Community Gardens and Their Potential for Urban Biodiversity

  • Francesca Di Pietro
  • Lotfi Mehdi
  • Marion Brun
  • Céline Tanguay
Part of the Cities and Nature book series (CITIES)


The aim of this research was to explore the potentialities of community gardens—a specific type of urban garden—in terms of urban biodiversity and ecological continuity in the city. We considered the three main scales of organisation of urban ecosystems: local individual habitat, intermediate urban landscape and the larger scale encompassing the entire urban area. The study site within the urban agglomeration of Tours currently contains 29 clusters of community gardens, mainly situated in three central municipalities of the urban area; 12% of the community gardens have disappeared over the last ten years due to residential and industrial urban development. Analysis of land tenure and morphological characteristics of the gardens highlighted that alongside a gradient of very varied gardens, two groups of community gardens can be identified, one more precarious situated on building land, the other established on non-building land in floodable areas, and on road and railway easements. Indeed, at the agglomeration scale half of the community gardens are located in high flood hazard areas and about a third are situated less than 100 m from a railway line or main road network. A measure of the potential ecological continuity of the urban green corridor provided by community gardens compared to urban green spaces shows that the loss of ecological continuity in the event of urbanisation of community gardens would be considerable. Relegated by urban pressure to areas of non-building land, some community gardens could play the role of a discontinuous ecological corridor due to their location along linear axes within the city: water courses, main roads and railway lines. However, the gardening techniques practised there can limit their capacity to contribute to plant diversity in the city.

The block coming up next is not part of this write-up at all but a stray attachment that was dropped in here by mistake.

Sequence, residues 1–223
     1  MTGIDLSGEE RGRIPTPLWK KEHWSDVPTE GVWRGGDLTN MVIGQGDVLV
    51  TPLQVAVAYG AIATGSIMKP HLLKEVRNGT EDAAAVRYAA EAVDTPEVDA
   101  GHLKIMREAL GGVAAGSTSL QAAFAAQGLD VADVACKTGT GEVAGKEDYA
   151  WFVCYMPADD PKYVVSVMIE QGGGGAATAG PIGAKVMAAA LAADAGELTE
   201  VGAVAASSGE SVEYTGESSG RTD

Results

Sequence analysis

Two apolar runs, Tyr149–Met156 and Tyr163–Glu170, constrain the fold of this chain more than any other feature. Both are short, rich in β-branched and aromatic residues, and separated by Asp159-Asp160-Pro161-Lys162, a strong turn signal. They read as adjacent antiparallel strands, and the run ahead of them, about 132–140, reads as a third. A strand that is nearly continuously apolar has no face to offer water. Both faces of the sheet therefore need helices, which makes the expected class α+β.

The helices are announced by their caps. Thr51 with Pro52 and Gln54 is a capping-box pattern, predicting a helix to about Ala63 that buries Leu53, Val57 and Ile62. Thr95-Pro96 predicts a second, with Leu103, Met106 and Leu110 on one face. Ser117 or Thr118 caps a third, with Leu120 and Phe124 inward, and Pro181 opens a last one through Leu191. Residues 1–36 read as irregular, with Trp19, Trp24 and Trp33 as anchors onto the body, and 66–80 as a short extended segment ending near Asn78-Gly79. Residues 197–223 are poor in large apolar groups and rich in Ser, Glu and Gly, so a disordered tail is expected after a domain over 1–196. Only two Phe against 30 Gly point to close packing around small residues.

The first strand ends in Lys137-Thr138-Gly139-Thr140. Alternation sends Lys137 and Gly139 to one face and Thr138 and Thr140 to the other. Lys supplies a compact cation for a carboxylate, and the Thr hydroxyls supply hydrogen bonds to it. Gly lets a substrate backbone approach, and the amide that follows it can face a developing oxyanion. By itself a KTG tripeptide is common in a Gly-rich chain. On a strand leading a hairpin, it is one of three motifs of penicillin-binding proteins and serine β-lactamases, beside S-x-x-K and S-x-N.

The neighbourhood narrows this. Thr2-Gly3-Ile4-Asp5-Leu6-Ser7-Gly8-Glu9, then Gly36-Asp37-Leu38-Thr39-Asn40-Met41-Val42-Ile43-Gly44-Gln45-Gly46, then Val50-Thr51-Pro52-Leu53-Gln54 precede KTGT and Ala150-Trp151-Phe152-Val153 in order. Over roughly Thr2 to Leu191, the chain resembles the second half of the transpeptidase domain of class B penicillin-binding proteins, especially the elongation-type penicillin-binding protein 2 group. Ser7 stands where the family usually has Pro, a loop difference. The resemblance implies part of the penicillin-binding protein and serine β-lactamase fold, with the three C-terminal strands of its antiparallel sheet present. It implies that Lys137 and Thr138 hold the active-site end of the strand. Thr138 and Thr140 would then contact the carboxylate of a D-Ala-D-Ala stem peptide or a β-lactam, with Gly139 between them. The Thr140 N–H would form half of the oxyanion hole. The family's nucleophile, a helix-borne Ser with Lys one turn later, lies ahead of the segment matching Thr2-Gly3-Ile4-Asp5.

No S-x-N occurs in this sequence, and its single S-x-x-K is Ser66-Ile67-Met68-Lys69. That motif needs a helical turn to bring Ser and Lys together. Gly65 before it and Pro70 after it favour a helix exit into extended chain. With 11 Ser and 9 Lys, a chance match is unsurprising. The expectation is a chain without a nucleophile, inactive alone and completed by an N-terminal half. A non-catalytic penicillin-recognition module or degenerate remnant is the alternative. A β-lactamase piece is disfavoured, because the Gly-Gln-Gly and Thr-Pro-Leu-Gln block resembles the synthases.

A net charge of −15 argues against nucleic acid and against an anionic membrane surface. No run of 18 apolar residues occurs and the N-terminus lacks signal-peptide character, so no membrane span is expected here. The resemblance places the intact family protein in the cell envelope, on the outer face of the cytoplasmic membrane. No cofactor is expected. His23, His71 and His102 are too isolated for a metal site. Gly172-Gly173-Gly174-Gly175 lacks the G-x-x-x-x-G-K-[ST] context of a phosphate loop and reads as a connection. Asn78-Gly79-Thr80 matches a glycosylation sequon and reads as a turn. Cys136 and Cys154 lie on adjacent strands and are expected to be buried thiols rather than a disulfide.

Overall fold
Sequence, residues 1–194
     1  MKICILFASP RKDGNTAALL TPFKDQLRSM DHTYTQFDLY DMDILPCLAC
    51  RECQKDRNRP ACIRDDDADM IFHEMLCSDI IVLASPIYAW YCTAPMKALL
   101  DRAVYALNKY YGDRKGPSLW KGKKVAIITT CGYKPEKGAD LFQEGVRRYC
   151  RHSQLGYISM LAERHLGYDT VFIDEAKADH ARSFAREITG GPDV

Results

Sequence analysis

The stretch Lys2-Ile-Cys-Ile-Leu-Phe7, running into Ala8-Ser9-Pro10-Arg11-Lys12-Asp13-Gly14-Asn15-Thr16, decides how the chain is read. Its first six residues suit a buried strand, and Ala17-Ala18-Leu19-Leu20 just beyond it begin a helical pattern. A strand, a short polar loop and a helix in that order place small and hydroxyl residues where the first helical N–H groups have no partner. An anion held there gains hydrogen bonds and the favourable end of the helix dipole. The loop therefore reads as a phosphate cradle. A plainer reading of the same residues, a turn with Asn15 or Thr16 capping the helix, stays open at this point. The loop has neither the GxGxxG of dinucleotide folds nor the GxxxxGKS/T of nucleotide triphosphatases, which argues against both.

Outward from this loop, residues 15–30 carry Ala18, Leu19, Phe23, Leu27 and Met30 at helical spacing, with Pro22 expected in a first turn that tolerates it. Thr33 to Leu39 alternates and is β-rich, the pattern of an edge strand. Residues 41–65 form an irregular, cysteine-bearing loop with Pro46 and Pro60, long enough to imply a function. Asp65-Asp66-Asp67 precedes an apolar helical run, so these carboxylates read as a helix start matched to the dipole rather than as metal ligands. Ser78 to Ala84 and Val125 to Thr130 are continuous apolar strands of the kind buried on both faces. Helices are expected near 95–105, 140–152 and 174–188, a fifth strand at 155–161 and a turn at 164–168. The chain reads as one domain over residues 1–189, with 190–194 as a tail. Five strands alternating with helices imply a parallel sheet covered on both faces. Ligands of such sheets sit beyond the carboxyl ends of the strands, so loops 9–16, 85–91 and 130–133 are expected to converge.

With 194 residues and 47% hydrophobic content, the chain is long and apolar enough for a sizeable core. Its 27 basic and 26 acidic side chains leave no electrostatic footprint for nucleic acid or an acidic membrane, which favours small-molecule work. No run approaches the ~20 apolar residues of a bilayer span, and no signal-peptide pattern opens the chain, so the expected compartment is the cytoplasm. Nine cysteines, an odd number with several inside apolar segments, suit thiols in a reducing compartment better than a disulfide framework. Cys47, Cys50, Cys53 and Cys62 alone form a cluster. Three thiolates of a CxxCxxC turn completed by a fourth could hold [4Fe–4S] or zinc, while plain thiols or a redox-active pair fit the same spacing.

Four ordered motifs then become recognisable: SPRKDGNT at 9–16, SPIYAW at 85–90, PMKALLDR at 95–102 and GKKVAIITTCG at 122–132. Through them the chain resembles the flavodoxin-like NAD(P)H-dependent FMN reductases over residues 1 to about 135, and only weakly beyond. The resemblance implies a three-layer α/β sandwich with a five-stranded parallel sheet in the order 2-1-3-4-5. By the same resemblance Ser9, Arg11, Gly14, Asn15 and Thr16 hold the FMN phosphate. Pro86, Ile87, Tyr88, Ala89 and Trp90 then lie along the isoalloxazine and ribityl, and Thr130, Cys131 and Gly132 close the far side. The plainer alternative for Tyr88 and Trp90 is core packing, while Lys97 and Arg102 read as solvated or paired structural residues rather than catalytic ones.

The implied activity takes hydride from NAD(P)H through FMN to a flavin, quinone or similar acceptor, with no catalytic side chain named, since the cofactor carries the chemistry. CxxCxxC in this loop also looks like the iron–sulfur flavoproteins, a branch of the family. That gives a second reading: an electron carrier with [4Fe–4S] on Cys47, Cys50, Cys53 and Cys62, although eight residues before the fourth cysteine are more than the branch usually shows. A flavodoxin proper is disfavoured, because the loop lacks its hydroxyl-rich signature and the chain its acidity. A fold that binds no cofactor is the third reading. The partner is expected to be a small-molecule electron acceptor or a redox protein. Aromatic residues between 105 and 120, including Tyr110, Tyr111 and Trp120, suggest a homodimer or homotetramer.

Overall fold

Community gardens Urban wasteland Urban biodiversity Ecological continuity Urban green infrastructure 



We would like to thank S. Glatron and K. Muramatsu for their constructive comments on the preceding version of this manuscript. We are very grateful to M. Deperrois, C. Legeay, A. Galloyer, J. Le Borgne, A-C. Josse, A-L. Mesnier, F. Joutel and O. Vezian for their help with fieldwork.


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Copyright information

© Springer International Publishing AG, part of Springer Nature 2018

Authors and Affiliations

  • Francesca Di Pietro
    • 1
  • Lotfi Mehdi
    • 1
    • 2
  • Marion Brun
    • 1
  • Céline Tanguay
    • 1
  1. 1.CITERES UMR 7324University F. RabelaisToursFrance
  2. 2.UMR LiveStrasbourgFrance

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